Alabama Arch

July 30, 2004

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Provided by: Thomas McGuire, Textbook Author/Educator
Summary authors & editors: Thomas McGuire

The Alabama Hills of eastern California is very familiar to professional photographers and movie directors. Thanks to dozens of Hollywood films made ere, many of us think of the West as a vast land of towering peaks, narrow box canyons and rounded granite boulders. The rocks in these "hills" were made by a series of intrusions of Mesozoic granite. Spheroidal weathering along jointing surfaces within the relatively uniform granite constantly shapes the rocks. This natural weathering has left great boulders across the hills and even natural stone arches, as shown above.

Contrary to their name, the Alabama Hills bear little or no resemblance to the mountains of America's Cotton State. Instead, they were named after the Confederate warship responsible for wreaking havoc to northern shipping during the Civil War. News of her victorious naval exploits reached them across America's frontier. Prospectors, sympathetic to the Southern cause, named their mining claims after the Alabama. Eventually, the name stuck to these unique hills.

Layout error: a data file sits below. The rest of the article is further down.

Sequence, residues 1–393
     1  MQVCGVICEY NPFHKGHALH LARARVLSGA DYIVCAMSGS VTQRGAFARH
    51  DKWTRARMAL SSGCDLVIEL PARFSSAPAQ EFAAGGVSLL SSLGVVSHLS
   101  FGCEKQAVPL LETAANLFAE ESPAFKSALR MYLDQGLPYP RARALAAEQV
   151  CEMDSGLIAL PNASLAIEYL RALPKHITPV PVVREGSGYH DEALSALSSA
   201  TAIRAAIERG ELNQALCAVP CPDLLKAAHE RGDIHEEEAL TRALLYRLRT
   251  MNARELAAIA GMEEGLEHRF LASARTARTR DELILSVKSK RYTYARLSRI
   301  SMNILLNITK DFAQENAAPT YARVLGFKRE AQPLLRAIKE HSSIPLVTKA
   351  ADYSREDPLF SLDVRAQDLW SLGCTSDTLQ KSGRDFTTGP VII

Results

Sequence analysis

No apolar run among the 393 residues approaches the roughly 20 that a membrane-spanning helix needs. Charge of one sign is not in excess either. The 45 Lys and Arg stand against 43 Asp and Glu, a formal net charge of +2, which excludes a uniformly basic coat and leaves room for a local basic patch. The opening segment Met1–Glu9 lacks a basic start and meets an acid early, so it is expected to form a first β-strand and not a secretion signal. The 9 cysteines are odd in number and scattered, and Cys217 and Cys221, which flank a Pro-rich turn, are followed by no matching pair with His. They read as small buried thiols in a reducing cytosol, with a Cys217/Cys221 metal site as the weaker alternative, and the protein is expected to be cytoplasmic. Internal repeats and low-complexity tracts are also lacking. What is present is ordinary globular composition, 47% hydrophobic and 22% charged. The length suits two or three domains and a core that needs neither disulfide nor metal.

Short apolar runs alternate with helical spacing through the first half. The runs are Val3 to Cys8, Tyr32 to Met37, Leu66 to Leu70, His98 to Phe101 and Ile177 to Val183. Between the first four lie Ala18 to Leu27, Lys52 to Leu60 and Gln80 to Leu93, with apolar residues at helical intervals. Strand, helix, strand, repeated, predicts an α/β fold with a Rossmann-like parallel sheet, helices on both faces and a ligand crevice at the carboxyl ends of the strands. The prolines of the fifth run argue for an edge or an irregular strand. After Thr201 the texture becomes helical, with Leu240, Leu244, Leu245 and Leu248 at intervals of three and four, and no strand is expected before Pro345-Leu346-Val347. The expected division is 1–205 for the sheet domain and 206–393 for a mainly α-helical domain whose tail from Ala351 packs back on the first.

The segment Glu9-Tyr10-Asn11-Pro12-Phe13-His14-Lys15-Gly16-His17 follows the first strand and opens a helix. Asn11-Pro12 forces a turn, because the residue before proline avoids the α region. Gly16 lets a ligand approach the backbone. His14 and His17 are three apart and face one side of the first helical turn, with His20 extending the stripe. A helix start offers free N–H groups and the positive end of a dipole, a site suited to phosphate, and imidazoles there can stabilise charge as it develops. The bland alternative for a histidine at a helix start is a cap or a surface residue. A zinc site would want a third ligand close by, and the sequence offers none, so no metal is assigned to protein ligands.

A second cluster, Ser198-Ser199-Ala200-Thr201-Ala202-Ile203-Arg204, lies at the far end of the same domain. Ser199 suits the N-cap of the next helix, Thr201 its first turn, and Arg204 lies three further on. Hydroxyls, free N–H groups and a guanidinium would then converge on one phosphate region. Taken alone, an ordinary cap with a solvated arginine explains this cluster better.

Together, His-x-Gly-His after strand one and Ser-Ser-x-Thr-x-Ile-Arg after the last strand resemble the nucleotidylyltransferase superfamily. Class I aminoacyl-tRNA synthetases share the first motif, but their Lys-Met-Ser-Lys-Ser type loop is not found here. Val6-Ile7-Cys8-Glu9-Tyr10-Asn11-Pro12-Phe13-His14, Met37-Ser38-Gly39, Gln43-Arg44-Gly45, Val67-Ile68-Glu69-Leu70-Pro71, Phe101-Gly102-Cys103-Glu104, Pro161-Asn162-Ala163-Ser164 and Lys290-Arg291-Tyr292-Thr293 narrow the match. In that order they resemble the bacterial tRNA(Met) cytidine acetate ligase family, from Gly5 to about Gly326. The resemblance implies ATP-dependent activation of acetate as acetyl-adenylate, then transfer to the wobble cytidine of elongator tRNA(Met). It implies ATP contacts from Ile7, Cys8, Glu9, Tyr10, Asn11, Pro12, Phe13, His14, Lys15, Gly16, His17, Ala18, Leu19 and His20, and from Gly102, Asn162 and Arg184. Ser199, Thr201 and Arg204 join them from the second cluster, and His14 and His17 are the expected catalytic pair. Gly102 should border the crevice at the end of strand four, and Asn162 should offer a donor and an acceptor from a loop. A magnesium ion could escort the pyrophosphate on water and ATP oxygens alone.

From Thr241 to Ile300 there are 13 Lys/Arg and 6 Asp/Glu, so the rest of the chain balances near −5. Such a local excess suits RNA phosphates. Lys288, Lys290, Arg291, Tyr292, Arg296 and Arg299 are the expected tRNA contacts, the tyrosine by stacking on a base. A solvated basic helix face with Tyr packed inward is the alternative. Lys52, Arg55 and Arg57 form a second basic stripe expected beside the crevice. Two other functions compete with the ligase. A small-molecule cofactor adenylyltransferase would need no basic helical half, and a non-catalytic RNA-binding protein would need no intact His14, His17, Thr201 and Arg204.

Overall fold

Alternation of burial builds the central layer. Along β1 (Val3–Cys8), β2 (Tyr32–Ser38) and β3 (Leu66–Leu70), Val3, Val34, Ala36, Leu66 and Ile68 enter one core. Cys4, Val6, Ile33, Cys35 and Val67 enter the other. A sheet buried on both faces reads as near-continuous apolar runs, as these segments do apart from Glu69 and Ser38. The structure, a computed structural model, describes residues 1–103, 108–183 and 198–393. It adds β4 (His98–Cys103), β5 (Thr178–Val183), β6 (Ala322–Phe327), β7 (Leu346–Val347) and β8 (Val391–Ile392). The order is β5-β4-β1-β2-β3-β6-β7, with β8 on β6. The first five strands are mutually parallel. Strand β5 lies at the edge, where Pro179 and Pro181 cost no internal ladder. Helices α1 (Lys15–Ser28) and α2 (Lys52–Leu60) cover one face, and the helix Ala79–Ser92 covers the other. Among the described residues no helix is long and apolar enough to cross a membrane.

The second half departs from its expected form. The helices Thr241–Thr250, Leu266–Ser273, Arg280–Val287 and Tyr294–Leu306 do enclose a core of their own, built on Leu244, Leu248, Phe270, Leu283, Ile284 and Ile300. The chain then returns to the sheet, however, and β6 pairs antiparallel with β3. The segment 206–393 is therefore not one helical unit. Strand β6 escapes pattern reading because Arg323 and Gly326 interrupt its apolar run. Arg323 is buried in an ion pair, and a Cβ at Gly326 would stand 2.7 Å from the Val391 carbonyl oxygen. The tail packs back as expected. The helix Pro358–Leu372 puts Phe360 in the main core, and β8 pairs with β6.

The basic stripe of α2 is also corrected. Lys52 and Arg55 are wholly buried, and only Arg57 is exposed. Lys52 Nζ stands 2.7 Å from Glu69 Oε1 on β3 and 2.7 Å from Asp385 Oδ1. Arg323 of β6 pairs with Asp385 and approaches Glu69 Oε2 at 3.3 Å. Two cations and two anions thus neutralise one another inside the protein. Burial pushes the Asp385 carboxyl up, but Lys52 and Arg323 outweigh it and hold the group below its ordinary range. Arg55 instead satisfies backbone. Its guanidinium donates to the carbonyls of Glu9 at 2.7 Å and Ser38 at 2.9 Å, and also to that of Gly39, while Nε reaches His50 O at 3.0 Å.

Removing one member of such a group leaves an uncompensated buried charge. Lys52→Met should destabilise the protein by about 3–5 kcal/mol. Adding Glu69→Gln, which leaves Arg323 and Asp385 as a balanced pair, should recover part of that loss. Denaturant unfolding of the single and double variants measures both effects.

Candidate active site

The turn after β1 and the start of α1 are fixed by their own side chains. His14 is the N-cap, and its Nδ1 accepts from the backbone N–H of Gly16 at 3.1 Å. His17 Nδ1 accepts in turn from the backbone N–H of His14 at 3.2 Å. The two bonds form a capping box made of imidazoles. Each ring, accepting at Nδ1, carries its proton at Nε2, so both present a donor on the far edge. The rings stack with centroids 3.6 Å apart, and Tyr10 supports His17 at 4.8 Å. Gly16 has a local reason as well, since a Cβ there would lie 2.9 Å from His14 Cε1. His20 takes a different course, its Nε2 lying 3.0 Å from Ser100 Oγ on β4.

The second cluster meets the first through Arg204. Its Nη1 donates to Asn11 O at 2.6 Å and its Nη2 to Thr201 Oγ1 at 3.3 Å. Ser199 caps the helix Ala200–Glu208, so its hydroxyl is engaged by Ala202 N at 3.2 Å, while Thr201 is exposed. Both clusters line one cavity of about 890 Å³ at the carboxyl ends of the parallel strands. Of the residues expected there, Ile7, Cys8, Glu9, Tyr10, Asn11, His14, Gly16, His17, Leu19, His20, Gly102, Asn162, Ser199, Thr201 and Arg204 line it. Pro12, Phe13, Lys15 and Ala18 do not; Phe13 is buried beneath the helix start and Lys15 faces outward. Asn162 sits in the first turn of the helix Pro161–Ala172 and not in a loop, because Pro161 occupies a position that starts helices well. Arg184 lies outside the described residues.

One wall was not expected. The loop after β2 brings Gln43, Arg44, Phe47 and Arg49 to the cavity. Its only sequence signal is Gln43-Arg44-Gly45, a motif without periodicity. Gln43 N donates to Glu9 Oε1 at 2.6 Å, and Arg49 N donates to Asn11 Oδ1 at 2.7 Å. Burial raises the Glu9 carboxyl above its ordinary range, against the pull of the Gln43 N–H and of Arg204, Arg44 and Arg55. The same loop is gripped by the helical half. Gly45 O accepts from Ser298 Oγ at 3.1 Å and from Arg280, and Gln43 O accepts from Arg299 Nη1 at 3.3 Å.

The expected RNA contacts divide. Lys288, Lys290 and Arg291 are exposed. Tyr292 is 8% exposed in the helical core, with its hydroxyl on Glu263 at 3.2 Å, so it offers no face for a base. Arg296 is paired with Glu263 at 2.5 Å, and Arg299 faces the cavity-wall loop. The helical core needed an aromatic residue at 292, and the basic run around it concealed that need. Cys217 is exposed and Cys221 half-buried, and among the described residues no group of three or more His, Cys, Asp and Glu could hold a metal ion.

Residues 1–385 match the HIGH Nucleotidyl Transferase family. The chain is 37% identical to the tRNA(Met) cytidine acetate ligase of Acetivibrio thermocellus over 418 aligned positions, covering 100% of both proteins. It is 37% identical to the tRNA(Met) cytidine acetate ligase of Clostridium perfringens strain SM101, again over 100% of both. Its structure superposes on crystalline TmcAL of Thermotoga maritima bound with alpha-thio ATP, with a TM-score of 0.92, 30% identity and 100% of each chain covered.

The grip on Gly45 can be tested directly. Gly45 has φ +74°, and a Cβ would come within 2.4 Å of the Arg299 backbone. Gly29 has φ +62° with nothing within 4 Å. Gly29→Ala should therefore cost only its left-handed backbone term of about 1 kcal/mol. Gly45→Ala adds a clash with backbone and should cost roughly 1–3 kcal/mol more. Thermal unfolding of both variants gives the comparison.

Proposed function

In the distance (back left) is the tallest peak in the Sierra Nevada, Mount Whitney (14,494 ft. or 4,418 m). It's also the highest mountain in the "Lower 48" of the United States.

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